For Diane Ninemire, 900 Is Just Another Number
By Jesse Durkin, Daily Cal Contributing Writer
This story was originally published in the Daily Californian on Thursday, March 13, 2008.
Click here for original version.
Reprinted by permission.
Reaching 900 wins put the career of Diane Ninemire into perspective, but the 21-year head coach of the Cal softball team isn't one to focus on the numbers.
'I hope that the girls respect me more for the person that I am than the coach that I am,' says Ninemire. 'That they know that there's someone there that wants it as bad for them as they want it for themselves.'
It's her love of coaching that keeps her coming back ever year despite her vast record of accomplishments. In her tenure with the Bears, Ninemire has made nine trips to the Women's College World Series and 20 straight NCAA regional appearances, coached 34 All-Americans and, in 2002, won the WCWS championship as well as a coach of the year honor.
But her accolades haven't dulled her love of coaching in the slightest as she continues to search for new heights.
'I wouldn't say I've done it all,' says Ninemire. 'I want to see some more national championships and really see this sport grow and prosper. My enthusiasm and love for the game has never changed, in fact it's probably grown each and every year that I do coach.'
Ninemire played softball and basketball in her youth, but knew early on that coaching was her true calling.
'I knew since I was in fourth grade that I wanted to coach,' says Ninemire. 'When I got my bachelors degree I decided I wanted to coach elite athletes. I wanted to coach players that were as serious about the sport and loved the sport as much as I did.'
Ninemire began her coaching career at Texas Women's University as an assistant under Donna Terry. When Terry took over the head position at Cal, Ninemire followed.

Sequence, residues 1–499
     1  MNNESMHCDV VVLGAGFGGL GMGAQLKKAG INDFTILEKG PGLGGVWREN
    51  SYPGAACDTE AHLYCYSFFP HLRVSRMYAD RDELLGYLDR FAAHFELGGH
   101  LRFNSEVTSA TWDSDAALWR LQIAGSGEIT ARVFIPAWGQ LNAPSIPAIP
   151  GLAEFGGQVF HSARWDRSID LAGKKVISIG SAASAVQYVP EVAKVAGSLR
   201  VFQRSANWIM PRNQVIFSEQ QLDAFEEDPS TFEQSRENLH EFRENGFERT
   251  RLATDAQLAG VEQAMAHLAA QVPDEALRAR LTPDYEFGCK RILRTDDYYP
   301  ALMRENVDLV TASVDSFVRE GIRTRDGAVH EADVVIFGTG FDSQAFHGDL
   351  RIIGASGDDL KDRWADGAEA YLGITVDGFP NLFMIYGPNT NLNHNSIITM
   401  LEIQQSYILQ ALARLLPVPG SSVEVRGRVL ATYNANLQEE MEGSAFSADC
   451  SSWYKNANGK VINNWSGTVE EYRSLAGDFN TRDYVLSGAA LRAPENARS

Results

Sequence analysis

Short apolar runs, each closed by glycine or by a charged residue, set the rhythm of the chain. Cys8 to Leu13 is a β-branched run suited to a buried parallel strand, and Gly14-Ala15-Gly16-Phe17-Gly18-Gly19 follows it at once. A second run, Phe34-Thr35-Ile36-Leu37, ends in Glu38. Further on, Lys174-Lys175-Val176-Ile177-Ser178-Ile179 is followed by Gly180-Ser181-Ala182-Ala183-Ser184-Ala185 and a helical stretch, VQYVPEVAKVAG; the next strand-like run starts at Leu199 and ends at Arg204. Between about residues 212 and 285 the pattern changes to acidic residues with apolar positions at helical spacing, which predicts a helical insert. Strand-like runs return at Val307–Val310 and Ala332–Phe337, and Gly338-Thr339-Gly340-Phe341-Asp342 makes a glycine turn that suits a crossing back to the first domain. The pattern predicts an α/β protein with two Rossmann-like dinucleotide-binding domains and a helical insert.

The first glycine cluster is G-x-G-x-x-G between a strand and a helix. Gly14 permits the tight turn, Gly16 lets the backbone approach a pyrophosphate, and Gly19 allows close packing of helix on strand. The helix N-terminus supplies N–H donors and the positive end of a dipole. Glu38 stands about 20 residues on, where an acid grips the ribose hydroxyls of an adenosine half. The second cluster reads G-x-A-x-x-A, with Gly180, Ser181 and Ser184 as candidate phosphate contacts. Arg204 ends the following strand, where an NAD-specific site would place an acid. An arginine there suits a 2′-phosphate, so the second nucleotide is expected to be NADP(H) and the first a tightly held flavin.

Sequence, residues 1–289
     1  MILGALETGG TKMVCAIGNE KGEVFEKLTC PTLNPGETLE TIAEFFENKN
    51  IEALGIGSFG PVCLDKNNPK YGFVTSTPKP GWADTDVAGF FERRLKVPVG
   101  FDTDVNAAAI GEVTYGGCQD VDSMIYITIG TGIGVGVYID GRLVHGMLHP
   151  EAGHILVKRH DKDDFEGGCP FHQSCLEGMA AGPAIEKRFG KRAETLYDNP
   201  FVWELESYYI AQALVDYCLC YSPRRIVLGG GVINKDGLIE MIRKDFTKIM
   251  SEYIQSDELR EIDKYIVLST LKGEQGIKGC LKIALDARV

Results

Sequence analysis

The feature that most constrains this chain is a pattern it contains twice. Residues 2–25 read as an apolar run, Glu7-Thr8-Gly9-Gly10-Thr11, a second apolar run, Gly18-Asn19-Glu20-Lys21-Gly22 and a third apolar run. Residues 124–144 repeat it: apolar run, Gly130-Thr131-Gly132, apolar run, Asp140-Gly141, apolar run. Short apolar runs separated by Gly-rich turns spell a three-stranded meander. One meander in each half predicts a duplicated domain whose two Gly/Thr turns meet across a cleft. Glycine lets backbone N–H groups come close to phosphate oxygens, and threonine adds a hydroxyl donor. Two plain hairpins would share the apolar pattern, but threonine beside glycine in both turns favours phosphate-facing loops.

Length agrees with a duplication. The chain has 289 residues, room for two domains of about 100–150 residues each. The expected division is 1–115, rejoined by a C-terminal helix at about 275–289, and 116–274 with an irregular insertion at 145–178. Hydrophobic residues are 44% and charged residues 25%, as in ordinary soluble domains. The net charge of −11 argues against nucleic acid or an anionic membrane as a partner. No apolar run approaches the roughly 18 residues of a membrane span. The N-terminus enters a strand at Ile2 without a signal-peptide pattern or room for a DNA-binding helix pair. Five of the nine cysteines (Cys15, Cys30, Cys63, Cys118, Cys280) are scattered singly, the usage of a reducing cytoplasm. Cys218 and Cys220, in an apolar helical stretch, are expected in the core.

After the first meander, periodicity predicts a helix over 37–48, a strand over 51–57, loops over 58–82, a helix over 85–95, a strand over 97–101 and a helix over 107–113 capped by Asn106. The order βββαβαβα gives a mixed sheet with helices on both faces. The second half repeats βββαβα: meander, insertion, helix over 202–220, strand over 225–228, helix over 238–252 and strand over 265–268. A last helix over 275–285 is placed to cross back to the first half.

Together, the two began molding the Bears into an elite program, reaching the WCWS three times, including a third-place finish in 1986. After Terry passed away in 1987, it was Ninemire's turn to carry on the legacy.
'I know where she wanted this program to go and I was very fortunate to be able to follow her footsteps,' says Ninemire. 'It's been a great opportunity to push this program in the direction that I know she wanted it to be pushed.'
Now 21 years later, Ninemire has more wins than any other active coach and because of her, Cal has become one of the most respected programs in collegiate softball. Yet Ninemire believes that respect has come because of what her team has done on the field.
'I don't know if people look at the coaching records, but I hope people remember the achievements that Cal has had while I've been a coach here,' says Ninemire.
Ninemire's experience alone gives her a greater perspective on the growth of softball over time. From her inaugural season in 1988, much has changed about the sport and what it means to be a collegiate coach.
'The game is faster, the girls are so much stronger and more athletic,' says Ninemire. 'They have their own private hitting coaches and pitching coaches and they start those at the ages of eight, nine and 10. The technology and the equipment have improved.'
But while the game has changed, the way that Ninemire relates to her players has not. The personal relationships that she forms with athletes has always extended beyond the field.
'I want to work with them not only to make them the best player they can be, but the best person they can be,' says Ninemire. 'Once they leave Cal, they're not going to make a million dollars playing softball, but I want them to go out and contribute to society and make a difference in the world.'